Ray Bande Senior Reporter
THE Ministry of Health and Child Care has roped in 40 traditional and faith healers in Chipinge and trained them on basic monitoring and referring presumptive TB cases as part of multifaceted initiatives to increase awareness and fight against the disease.
TB coordinator for Chipinge, Mr Michael Mponda told The Manica Post on the sidelines of a media tour of TB programming activities in Manicaland that 20 traditional healers and 20 faith healers had undergone training in monitoring presumptive TB cases and can refer patients to medical institutions for treatment.
“We had 20 traditional healers and 20 faith healers whom we have trained on the basic skills to monitor TB cases so that they can refer cases to medical institutions for treatment.
“This is a sensitisation effort being made to increase awareness on TB since we discovered that people have very little knowledge about the disease. We wanted them to appreciate the difference between TB and other diseases.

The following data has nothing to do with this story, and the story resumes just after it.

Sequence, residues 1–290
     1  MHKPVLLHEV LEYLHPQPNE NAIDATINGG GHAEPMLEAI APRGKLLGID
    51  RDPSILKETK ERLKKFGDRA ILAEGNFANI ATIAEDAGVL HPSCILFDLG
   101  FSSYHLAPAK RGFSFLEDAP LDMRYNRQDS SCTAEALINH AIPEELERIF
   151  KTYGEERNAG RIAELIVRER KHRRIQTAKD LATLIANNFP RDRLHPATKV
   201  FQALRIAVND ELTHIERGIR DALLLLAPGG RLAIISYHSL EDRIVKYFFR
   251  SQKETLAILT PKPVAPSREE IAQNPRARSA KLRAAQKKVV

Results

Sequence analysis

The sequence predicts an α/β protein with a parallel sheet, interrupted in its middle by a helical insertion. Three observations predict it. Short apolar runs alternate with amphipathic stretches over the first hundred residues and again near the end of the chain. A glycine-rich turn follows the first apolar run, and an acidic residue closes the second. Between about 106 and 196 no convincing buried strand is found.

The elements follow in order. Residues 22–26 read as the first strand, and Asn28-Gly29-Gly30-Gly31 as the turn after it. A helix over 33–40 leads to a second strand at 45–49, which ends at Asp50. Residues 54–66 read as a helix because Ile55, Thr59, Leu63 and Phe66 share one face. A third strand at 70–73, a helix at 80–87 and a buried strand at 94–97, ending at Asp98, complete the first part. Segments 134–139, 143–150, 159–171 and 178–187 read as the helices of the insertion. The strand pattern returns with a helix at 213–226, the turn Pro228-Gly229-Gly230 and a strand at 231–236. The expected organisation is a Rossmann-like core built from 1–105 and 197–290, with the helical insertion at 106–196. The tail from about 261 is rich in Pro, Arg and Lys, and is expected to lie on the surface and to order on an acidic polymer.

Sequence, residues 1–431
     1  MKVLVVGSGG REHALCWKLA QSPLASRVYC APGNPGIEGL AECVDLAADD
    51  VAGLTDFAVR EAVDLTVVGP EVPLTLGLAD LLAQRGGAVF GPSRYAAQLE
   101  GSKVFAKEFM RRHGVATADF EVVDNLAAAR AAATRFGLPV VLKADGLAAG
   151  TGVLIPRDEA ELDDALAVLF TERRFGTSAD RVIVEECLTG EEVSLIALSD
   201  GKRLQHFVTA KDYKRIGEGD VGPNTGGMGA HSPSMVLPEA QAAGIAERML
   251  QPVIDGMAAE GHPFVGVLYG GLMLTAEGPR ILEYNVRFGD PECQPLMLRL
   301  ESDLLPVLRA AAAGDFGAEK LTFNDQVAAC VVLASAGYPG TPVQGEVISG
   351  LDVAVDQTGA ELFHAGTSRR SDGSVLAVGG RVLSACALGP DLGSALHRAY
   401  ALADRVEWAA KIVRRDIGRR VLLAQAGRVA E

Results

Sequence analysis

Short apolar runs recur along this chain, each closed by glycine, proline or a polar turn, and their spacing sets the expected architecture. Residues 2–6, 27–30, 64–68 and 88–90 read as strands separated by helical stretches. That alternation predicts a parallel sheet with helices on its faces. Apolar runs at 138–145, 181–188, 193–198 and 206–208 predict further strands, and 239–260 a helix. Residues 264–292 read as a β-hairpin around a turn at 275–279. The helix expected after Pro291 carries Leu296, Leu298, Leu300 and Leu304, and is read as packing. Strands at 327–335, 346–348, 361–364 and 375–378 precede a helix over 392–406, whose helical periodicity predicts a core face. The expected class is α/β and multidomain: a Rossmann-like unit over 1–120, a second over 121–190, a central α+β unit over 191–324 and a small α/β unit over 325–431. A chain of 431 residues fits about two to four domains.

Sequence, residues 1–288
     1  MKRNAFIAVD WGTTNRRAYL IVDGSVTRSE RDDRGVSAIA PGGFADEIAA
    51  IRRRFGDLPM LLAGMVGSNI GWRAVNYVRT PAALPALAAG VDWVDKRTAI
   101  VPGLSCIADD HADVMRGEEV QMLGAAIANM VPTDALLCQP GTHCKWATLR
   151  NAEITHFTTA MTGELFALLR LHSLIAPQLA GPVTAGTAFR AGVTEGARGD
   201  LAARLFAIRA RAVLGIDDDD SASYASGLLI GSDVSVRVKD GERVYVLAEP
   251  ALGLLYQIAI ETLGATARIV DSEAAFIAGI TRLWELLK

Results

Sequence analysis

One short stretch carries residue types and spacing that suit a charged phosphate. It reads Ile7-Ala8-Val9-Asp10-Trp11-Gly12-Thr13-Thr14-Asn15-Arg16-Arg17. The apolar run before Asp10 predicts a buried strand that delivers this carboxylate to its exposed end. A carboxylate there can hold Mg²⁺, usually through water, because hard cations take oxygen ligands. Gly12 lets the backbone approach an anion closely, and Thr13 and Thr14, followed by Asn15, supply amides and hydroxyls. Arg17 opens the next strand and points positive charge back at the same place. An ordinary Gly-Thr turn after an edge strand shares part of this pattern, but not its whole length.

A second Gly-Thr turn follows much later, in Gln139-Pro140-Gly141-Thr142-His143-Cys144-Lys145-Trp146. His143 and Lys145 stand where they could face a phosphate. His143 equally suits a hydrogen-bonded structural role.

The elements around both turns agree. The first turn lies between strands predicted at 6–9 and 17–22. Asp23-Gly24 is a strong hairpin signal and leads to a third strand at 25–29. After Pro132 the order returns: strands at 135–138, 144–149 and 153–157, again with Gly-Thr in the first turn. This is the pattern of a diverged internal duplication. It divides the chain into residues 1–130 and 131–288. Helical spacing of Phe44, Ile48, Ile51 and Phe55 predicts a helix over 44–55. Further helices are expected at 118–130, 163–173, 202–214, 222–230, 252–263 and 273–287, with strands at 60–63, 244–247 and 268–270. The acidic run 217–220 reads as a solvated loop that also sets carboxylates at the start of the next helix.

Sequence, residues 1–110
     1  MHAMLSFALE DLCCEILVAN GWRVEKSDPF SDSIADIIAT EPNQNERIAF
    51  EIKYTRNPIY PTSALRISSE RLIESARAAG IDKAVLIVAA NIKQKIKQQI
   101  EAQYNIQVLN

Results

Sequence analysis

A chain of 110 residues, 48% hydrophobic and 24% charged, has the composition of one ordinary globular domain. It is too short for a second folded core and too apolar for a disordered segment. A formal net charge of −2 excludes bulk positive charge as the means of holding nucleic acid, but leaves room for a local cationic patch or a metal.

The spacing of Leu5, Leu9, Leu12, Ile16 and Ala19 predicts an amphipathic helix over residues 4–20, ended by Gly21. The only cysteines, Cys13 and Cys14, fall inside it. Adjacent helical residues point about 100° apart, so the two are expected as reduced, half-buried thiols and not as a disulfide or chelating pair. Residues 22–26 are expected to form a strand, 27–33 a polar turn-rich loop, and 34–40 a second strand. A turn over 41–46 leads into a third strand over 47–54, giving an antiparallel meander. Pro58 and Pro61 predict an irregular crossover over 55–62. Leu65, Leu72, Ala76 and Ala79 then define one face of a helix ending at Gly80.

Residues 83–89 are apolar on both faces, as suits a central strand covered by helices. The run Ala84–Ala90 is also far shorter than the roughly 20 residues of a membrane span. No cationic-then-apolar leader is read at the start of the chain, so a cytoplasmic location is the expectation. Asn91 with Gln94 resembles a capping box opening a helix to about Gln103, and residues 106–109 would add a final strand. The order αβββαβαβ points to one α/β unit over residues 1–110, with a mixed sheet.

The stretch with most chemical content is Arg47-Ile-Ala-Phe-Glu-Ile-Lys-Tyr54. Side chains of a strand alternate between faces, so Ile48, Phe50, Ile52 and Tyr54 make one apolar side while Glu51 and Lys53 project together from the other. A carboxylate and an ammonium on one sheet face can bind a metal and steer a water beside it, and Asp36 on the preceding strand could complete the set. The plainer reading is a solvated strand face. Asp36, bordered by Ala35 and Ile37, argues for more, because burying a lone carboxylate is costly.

“We are happy that the induction was successful and we hope to have more undergoing the same training. We are aware that many people turn to them (traditional and faith healers) when they are not feeling well, hence the need to educate them on the signs and symptoms of the disease to enable them to refer patients with the disease for early treatment,” said Mr Mponda.
Overcrowding and squalid conditions were cited as some of the major drivers of TB in the Checheche area of Chipinge South.
“In Chipinge South we have quite a number of people that go to South Africa for different types of jobs.
‘‘Some of them leave the country while on treatment and they overstay in South Africa and therefore default on treatment. Upon return their condition would have deteriorated.
“We also have a number of people who own fields in Mozambique and when the farming season is over they come back here. The same goes for artisanal gold and diamond miners who leave this area and flock to Chimanimani and Chiadzwa. This scenario creates overcrowding in most of the areas around,” he said.